As land animals, elephants' means of communication and empathy are easier to identify than with dolphins and whales. By virtue of their magnificent trunks, they simultaneously feel and smell. They also listen to their fellows’ rumbles by feeling the vibrations created in the ground. Special receptors in their feet, called Pacinian corpusles, allow them to do this. Biologist Caitlin O'Connell-Rodwell calls elephants an “amazing infrasound detection machine.”
The ability is known to extend up to 25 miles. It (or something like it) might extend considerably farther given the instance noted earlier of a group of elephants in Zimbabwe that retreated to a corner of their preserve that was farthest from a murderous “culling” of elephants taking place 90 miles away. “Elephants are able to detect distress calls over large distances and are fully aware when their fellows are being killed,” asserts longtime researcher Cynthia Moss. (Safina, p. 92)
Such long distance communication could be accomplished through infrasound, i.e. sound that has a wavelength less than the 20 Hz threshold that distinguishes human hearing. Infrasound can travel vast distances unimpeded by land, air or water. Many animal species are capable of registering infrasound, among them elephants, hippos, giraffes, rhinos, alligators, and whales. It was naturalist Katy Payne of Cornell University who first intuited what might be happening based on her standing near an elephant cage at the zoo one day and feeling a peculiar “throb and flutter” in the air. It reminded her, she said, of the deep bass notes she experienced as a girl in church. (Payne, pp. 20-21)
Here is a moving account of infrasonic communication as noted by the late naturalist Lyall Watson. (Watson, p. 207) He was whale watching from the cliffs of the South African coast, and wrote:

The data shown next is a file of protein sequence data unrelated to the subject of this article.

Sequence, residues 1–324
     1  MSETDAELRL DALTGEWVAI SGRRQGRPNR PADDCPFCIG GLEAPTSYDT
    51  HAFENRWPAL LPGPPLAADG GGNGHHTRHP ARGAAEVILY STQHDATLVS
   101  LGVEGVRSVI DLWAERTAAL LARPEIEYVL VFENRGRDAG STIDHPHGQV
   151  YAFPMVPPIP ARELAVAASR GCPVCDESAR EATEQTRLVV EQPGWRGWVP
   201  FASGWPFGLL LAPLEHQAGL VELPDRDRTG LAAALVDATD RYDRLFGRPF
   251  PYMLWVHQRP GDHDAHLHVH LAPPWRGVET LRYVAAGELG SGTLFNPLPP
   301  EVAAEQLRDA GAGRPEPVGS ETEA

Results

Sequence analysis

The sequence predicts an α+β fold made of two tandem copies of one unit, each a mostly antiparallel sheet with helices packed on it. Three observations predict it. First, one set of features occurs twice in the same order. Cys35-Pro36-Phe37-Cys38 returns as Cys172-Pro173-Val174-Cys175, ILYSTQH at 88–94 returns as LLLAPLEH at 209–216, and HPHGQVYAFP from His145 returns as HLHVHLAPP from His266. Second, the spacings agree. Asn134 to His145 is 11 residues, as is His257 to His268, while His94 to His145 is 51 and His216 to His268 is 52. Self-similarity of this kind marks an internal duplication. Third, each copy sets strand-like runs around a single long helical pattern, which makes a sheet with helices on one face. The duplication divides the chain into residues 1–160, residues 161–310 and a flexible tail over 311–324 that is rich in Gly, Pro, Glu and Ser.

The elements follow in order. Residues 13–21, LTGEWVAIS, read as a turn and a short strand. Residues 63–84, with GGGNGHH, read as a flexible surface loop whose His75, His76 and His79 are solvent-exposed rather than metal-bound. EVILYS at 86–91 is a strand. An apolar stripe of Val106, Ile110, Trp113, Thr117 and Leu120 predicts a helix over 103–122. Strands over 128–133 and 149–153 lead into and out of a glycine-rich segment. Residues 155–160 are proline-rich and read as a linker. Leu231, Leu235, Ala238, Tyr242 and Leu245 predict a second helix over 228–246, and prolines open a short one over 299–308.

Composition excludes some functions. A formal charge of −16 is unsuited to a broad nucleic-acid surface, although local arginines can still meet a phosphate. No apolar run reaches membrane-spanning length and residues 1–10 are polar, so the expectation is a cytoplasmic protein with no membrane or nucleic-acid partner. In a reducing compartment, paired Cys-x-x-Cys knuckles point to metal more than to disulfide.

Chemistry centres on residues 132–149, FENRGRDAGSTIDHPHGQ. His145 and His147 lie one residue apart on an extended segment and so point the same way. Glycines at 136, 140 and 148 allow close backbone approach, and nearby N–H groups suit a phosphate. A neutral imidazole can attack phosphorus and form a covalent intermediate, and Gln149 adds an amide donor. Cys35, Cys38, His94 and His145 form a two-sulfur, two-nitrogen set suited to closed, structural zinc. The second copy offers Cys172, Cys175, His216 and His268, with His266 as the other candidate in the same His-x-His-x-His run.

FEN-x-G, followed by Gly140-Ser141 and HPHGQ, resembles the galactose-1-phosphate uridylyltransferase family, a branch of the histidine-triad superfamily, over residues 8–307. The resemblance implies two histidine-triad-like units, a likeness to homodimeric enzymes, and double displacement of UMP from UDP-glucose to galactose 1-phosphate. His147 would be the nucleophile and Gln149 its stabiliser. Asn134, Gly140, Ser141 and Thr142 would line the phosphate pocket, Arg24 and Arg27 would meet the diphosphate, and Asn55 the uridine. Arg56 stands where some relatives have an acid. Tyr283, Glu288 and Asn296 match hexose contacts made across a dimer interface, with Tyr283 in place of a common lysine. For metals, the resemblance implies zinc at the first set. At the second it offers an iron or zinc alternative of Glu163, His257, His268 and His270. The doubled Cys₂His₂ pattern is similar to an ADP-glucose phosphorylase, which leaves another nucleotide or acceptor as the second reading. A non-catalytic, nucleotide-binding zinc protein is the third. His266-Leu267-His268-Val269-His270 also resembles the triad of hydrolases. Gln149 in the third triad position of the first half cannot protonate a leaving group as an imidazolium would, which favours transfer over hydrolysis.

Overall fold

"The sensation I was feeling on the clifftop was some sort of reverberation in the air itself….The whale had submerged and I was still feeling something. The strange rhythm seemed now to be coming from behind me, from the land, so I turned to look across the gorge…where my heart stopped.
"…Standing there in the shade of the tree was an elephant…staring out to sea!...A female with a left tusk broken off near the base….I knew who she was, who she had to be. I recognized her from a color photograph put out by the Department of Water Affairs and Forestry under the title “The Last Remaining Knysna Elephant.” This was the Matriarch herself.
"...She was here because she no longer had anyone to talk to in the forest. She was standing here on the edge of the ocean because it was the next, nearest, and most powerful source of infrasound. The under-rumble of the surf would have been well within her range, a soothing balm for an animal used to being surrounded by low and comforting frequencies, by the lifesounds of a herd, and now this was the next-best thing.
"…The throbbing was back in the air. I could feel it, and I began to understand why. The blue whale was on the surface again, pointed inshore, resting, her blowhole clearly visible. The Matriarch was here for the whale! The largest animal in the ocean and the largest living land animal were not more than a hundred yards apart, and I was convinced that they were communicating! In infrasound, in concert, sharing big brains and long lives, understanding the pain of high investment in a few precious offspring, aware of the importance and the pleasure of complex sociality, these rare and lovely great ladies were commiserating over the back fence of this rocky Cape shore, woman to woman, matriarch to matriarch, almost the last of their kind."
In my next post, we’ll delve more into infrasound and similar modes of animal sensitivity.
“Eyewitness Accounts: Gehan De Silva Wijeyeratne.” Nature, June 3, 2008. http://www.pbs.org/wnet/nature/can-animals-predict-disaster-gehan-de-silva-wijeyeratne/139/.
Safina, Carl. Beyond Words: What Animals Think and Feel. New York: Henry Holt & Co., 2015.
Payne, Katy. Silent Thunder: In the Presence of Elephants. New York: Simon & Schuster, 1998.
Watson, Lyall. Elephantoms: Tracking the Elephant. New York, Norton, 2003.